9. "This king [Baalis] has been identified with the Baʿal-yishʿa mentioned on a seal impression found in 1984 at Tell el-ʿUmeiri, just S of Amman in Jordan (Geraty 1984; 1985). It was found in the sift from topsoil excavated near the W rim of the mound about 50 cm above the remains of a major public structure termed the Ammonite Citadel by the excavators. The seal impression itself (19 mm in diameter) was on the flat end of a fired ceramic cone (21 mm in length) which may have served as a stopper with identification for a juglet of unknown contents. The finely conceived and executed seal impression is divided into 3 panels. The top and bottom panels contain the Ammonite inscription, dated paleographically to ca. 600 b.c. (Herr 1985b and fc.). The middle panel depicts typically Ammonite iconography (Younker 1985): a 4-winged scarab beetle pushing a solar ball flanked by standards, solar discs, and crescent moons in an assemblage reminiscent of Zeph 1:4–6. The inscription reads lmlkm-ʾwr ʿbd bʿl-yšʿ, “belonging to Milkom-ʾur, servant of Baʿal-yishʿa (or Baʿal-yashaʿ).” Both of the personal names, that of the owner of the seal and that of the king he served, constitute “firsts.” Milkom-ʾor (“Milkom is light”) or Milkom-ʾur (“Milkom’s flame”), represents the first-known occurrence in which Milkom, the well-known Ammonite divine name, appears as one of the elements in an Ammonite proper name. According to his title, “servant,” this individual would have been a prominent government official in the service of the Ammonite king, Baʿal-yishʿa (“Baal is salvation”) or Baʿal-yashaʿ (“Baal saves”). The latter is identified with the Baalis of Jer 40:14, and this reference to him is his first extrabiblical confirmation". (ABD, Baalis)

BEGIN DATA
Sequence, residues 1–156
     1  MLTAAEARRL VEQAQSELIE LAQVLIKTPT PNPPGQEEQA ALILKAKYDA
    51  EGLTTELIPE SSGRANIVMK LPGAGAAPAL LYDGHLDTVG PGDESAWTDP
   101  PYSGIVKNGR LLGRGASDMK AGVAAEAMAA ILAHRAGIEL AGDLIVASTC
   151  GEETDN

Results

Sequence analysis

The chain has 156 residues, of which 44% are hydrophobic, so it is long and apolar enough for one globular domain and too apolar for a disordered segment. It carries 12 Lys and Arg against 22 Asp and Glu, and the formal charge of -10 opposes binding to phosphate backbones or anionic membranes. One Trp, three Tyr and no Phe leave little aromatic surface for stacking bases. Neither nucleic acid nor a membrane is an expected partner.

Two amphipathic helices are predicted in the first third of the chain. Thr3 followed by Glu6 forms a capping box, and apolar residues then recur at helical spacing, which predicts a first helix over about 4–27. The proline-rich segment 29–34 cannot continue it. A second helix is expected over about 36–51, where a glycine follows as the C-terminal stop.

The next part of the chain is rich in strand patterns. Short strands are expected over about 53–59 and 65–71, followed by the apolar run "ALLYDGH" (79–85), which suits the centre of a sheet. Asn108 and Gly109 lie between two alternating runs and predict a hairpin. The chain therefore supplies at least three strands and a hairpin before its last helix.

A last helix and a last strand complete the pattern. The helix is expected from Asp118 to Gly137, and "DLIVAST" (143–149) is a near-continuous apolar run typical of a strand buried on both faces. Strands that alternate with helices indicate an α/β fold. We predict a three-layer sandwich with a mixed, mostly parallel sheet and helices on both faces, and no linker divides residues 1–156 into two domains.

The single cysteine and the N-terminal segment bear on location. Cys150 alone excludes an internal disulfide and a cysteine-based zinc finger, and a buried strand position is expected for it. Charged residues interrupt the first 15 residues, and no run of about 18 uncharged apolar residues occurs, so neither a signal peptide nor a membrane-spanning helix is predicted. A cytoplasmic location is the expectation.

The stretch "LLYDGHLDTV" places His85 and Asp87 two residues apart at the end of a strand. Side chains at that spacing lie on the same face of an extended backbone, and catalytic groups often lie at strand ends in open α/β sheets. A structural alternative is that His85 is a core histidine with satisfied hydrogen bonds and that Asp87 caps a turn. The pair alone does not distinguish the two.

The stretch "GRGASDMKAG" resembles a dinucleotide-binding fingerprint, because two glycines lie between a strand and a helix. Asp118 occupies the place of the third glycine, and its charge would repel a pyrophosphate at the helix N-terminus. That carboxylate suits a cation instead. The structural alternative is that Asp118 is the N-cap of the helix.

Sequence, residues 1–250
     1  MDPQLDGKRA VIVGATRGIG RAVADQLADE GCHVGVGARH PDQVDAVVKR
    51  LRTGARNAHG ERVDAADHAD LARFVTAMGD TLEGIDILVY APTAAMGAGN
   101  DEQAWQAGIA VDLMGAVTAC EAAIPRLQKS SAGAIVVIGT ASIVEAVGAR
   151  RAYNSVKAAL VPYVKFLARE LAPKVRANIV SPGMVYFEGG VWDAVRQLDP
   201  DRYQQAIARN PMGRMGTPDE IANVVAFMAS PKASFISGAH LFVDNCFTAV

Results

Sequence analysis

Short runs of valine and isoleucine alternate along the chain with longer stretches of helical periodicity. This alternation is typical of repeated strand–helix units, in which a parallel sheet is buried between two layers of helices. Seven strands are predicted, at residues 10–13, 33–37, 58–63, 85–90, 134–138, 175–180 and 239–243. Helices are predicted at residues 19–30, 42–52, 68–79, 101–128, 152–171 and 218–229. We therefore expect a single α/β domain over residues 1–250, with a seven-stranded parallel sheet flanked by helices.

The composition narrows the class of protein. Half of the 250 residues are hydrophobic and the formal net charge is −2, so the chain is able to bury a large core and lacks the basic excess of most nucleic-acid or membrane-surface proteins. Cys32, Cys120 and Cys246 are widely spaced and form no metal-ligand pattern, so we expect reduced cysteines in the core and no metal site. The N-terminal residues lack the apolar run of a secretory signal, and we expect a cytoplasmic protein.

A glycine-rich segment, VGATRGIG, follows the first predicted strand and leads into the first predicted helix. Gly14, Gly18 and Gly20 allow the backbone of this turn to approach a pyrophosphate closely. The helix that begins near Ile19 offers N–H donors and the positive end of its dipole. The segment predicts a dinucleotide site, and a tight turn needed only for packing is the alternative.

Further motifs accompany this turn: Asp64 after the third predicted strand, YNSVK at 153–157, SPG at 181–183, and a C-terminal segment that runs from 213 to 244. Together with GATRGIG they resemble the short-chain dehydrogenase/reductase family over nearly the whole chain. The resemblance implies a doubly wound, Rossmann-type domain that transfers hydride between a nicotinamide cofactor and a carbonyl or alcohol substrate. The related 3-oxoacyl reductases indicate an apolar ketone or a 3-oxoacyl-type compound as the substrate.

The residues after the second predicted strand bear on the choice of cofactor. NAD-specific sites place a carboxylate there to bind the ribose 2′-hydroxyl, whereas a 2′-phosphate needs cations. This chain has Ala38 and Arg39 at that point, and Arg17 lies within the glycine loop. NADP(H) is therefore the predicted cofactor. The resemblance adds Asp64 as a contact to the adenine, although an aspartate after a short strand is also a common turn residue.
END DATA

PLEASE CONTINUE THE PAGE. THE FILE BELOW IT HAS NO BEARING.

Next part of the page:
1. We have the seal of Jaazaniah servant of the king who helped assassinate Gedaliah.
    1. See outline on Jaazaniah
    2. "When all the captains of the forces, they and their men, heard that the king of Babylon had appointed Gedaliah governor, they came to Gedaliah to Mizpah, namely, Ishmael the son of Nethaniah, and Johanan the son of Kareah, and Seraiah the son of Tanhumeth the Netophathite, and Jaazaniah the son of the Maacathite, they and their men." (2 Kings 25:23)